As a trainer that’s one of those sentences I may be sorry for writing later. As a dog mom and a writer I feel no shame about it. I learned something more valuable to me than a set of letters after my dogs name.
We arrived for the test and the neutral dog that was there is one that Magnus just loves. I have no idea why, but he just goes crazy with excitement for that dog. I immediately thought he will never do Test 8: Reaction to another dog with that dog. Perhaps that’s a trainer fail on my part, since according to the test he should, “show no more than casual interest in [the other dog]. Neither dog should go to the other dog or its handler.” Technically it shouldn’t matter who the dog is, so mark that one down for more practice and as a lesson learned. That was not the main problem though.
Our downfall was stress. I wasn’t stressed when we got there, but due to the way the test worked out we didn’t have a chance to get settled before we did the parallel walk past the other dog and start the rest of our test. It was a bit of a sink or swim with no warm up and we sank.
After the first dismal pass of the other dog he started stress sniffing. I have never had a dog that expressed stress that way like Magnus does. This is so totally the opposite of how Maizey tells me she’s stressed that I haven’t ever learned how to deal with it. That’s my second lesson: learn how to help a dog that disconnects when stressed.
After blowing the pass another dog part of the test we went out the the room to wait our turn for the rest of the test. I knew he was stressed and we tried to jolly out of it, played a few little recalls and took some sniffing time, but then it was our turn. Even though it didn’t go good I’m proud of my choices from here on out.
Based on his performance in passing the other dog I figured we had already failed so I told our trainer if that was the case I didn’t want to test with him stressed. She said if he passed the rest of the test she wouldn’t fail him so we got started. He did fine for Test 1: Accepting a friendly stranger and Test 2: Sitting politely for petting, but even at his best my boy does not like to be groomed and the next test item is, Test 3: Appearance and grooming. According to the test, “The evaluator then softly combs or brushes the dog, and in a natural manner, lightly examines the ears and gently picks up each front foot.” He accepted the brushing, but when it came time for his ears he was having none of that and backed right up out of reach. That’s a fail. Since it’s the brush he’s had the most trouble with we practiced the most on that and slacked on the ears. Lesson number three for me: Practice it all, practice more and more thoroughly.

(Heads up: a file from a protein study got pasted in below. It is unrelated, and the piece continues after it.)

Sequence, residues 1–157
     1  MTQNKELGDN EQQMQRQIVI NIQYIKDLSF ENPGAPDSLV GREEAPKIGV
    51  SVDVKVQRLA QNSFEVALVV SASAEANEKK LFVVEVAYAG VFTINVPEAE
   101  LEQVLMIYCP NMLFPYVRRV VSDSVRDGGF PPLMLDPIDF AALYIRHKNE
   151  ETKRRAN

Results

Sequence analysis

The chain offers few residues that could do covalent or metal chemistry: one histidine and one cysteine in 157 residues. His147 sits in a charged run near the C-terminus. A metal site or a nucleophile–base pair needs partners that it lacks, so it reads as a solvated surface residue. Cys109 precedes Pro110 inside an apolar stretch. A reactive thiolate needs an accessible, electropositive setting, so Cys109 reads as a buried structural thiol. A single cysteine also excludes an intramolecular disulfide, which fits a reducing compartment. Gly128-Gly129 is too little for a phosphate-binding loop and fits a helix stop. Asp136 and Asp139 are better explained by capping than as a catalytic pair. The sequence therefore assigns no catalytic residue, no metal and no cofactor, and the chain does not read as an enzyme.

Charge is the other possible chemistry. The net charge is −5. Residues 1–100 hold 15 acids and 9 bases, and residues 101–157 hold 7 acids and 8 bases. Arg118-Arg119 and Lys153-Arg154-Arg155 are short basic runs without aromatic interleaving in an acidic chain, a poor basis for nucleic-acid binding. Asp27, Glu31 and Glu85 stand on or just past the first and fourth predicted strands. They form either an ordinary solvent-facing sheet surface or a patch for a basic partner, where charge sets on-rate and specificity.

At that point since we’d already failed she offered to work with us on a few things, but I declined and that’s where the most important 4legged lesson of the day came into play. I just wanted to take the pressure off of him. If it’s not something that’s a quality of life issue or a life or death skill, like a recall, the most important thing to me is listening to my dog, not if he performs or not. If I was to do it again I would advocate for him at that first stress sniff. I would speak up and say, he’s stressed and we need to regroup. If that failed us, so be it. I listened when my boy spoke and next time I’ll advocate for him even better and that’s what makes me proud of us.
I’m not discounting the value of the CGC or any other title, but there are no letters after our names that matter more to me than building our relationship. I listened to my dog tonight. There are so many human expectations I could have succumbed to. I’m a dog trainer by profession. Now I’m a dog trainer whose dog failed the CGC. That’s reflection on me, not him. Trust me I feel the pressure of that. I could easily have let that push me to push Magnus to continue the test for my ego. But I didn’t. I also didn’t succumb to the pressure of wanting to please our trainer, who by the way, happens to be my boss. I want to do a good job of course, I want to be worthy of being a trainer there and I want the respect of my boss, so all of that could have crowded in my mind when I saw him start shutting down. Now I have to go back to work on Monday and face all the people I work with who actually know what the CGC is and understand what it means to fail. I’m not immune to those thoughts and pressures, but I’m proud to say in the moment I didn’t think of those things. I thought of Magnus. I listened to him and I hope I conveyed to him it’s okay to get stressed out. Now my lesson is just to learn how to help him work through his stress and find success in a new way. That’s a 4legged lesson learned that I know will make me a much better trainer and mom.
So while I guess I should be feeling a sense of failure, I don’t. Which if you know me is ironic, but I’ll take it as a sign of growth. What I feel is that we learned a lot, have a good plan of action to improve and at the end of the day the title that matters most to me is one that Magnus has mastered: that of Master Toe Warmer and Mom Snuggler!